REGISTRATIONS of new cars fell 1.6% last month compared to October 2019, according to figures released today by the Society for Motor Manufacturers and Traders (SMMT), making it the least successful October for new cars since 2011, and around 10% less fruitful than the decade average.
The SMMT said demand for new cars had initially been maintained due to a raft of new models and financial incentives. However, the “firebreak” lockdown in Wales, designed to regain control over rising coronavirus cases and introduced on October 23, contributed to registrations there falling by a quarter.
This does not bode well for the industry in November, with a UK-wide lockdown coming into force from today and set to last until December 2 at the earliest. While non-essential car retailers are still allowed to maintain an online click-and-collect service, showrooms will once again close their doors and test drives have been banned.
As a result, the SMMT further downgraded its annual outlook, estimating November will see a loss of 100,000 new car sales. That brings its prediction for the number of cars sold this year to 1.56m, down three-quarters of a million on 2019.
This year is now likely to be the weakest year for new car registrations since 1982, and the exit of the UK from the EU on January 1st — likely without a trade deal, although negotiations are ongoing — has darkened the outlook for 2021.
Mike Hawes, president of the SMMT, said: “When showrooms shut, demand drops, so there is a real danger that with England today entering a second lockdown, both dealers and manufacturers could face temporary closure.
"When showrooms shut, demand drops, so there is a real danger that with England today entering a second lockdown, both dealers and manufacturers could face temporary closure"@MikeHawesSMMT on October new car figureshttps://t.co/VnYR8ffMdu pic.twitter.com/pr3nme0Xlx
— SMMT (@SMMT) November 5, 2020
“What is not in doubt, however, is that the entire industry now faces an even tougher end to the year as businesses desperately try to manage resources, stock, production and cashflow in the penultimate month before the inevitable upheaval of Brexit.
“Keeping showrooms open — some of the most Covid-secure retail environments around — would help cushion the blow but, more than ever, we need a tariff-free deal with the EU to provide some much-needed respite for an industry that is resilient but massively challenged.”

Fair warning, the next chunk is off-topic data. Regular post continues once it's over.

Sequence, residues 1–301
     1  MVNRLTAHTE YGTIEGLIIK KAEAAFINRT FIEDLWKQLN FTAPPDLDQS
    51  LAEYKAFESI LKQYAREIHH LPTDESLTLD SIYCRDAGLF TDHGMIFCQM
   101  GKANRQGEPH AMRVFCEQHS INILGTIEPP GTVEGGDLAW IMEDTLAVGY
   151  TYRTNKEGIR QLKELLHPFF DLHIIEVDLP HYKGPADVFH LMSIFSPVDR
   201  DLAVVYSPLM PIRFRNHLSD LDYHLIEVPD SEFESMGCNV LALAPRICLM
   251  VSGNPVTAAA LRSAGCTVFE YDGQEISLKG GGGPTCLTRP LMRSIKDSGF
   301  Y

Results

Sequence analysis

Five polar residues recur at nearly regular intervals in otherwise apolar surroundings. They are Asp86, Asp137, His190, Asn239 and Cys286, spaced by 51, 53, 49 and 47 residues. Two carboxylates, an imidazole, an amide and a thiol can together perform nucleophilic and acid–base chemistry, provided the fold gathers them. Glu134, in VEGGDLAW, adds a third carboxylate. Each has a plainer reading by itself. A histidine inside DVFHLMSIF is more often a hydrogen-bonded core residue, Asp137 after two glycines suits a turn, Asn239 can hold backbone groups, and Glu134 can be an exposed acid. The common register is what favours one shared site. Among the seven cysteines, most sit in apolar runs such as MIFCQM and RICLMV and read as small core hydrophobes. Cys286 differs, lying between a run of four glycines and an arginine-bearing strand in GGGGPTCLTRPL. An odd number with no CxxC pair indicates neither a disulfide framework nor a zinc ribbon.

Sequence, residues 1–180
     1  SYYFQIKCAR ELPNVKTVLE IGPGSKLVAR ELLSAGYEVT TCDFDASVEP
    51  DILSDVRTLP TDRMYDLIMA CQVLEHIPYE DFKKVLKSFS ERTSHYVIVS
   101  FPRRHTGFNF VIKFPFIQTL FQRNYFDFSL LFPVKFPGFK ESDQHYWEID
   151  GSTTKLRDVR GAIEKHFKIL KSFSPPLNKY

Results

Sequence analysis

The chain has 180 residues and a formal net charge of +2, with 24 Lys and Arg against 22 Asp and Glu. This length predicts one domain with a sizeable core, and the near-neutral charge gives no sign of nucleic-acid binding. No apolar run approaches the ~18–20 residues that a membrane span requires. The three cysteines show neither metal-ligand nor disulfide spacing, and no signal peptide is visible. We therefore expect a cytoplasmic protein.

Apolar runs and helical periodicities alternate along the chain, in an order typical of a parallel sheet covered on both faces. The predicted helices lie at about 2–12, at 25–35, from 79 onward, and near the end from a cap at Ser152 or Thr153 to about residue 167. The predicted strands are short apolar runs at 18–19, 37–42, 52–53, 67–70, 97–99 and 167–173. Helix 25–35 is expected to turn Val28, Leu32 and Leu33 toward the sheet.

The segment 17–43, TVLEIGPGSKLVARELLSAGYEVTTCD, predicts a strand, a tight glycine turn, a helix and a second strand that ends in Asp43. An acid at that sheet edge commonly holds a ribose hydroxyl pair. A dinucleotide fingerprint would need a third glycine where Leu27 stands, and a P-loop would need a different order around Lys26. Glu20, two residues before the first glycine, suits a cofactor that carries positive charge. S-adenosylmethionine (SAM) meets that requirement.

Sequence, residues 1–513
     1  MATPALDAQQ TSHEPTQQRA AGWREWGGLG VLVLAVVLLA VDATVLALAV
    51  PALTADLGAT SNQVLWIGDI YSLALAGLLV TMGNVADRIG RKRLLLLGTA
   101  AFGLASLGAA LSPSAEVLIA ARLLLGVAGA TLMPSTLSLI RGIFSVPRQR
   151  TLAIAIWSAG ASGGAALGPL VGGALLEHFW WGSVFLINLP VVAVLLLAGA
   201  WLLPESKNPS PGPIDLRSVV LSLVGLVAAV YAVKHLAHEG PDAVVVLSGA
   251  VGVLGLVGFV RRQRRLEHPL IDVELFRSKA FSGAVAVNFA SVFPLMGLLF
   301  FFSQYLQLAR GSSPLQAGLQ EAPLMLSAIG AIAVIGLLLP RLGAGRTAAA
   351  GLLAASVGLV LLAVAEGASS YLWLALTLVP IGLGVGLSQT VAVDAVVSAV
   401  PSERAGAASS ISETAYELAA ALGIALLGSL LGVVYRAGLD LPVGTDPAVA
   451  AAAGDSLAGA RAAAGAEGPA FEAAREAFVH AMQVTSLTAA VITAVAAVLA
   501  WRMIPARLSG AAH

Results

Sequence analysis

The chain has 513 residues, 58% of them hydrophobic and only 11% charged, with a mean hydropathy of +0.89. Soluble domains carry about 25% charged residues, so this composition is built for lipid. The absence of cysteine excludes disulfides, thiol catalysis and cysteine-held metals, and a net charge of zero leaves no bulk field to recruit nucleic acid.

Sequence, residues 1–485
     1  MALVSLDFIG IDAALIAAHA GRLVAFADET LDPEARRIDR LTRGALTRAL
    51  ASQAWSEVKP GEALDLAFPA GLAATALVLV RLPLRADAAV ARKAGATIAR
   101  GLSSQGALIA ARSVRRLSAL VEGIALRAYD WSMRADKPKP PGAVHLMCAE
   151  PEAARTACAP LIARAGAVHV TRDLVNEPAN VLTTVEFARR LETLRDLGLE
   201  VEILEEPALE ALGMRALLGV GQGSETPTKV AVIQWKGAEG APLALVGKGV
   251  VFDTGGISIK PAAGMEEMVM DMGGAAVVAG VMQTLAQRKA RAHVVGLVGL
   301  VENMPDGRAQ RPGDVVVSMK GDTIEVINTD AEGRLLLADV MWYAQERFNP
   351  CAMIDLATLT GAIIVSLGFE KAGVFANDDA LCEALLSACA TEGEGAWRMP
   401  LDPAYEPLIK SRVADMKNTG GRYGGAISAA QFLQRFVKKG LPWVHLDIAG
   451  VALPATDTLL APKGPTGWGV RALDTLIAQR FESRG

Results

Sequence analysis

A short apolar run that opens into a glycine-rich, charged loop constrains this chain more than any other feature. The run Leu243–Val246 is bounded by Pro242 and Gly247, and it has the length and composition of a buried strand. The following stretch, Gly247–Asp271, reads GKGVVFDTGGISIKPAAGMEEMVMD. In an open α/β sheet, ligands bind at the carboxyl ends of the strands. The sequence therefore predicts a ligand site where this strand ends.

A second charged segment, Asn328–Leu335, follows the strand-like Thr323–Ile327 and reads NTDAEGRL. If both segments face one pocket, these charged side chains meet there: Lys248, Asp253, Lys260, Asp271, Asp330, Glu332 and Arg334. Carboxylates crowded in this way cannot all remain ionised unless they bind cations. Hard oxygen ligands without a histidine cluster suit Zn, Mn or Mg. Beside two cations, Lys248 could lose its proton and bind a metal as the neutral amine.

Private registrations in October actually saw a small increase (0.4%), although this is made to look better by an abnormally poor performance for private buying in October last year, which saw sales drop by 14% due to supply issues and an anticipated withdrawal from the European Union. This month’s poor performance was due to subdued fleet purchases, with around 2,500 fewer cars joining large fleets than in October last year.
Electric cars buck the trend
One silver lining last month came in the form of continued popularity of pure-electric and electrified vehicles. October saw sales of pure-electrics (called battery-electrics, or BEVs, by the SMMT) outstrip even the average year-on-year change of 168.7% between 2019 and 2020, hitting 195.2% as order books opened for new electric models like the Volkswagen ID.3, a Golf-sized hatchback.
Mercedes will also look at the latest report with glee, with the A-Class surging in sales to become the month’s most popular car — a rare feat for a luxury car maker. Some speculated that its popularity in October could be thanks to the fact that it is the only car in its class currently available for delivery as a plug-in hybrid, making it an attractive proposition for fleet buyers due to tax incentives for buyers of cars with electrified powertrains.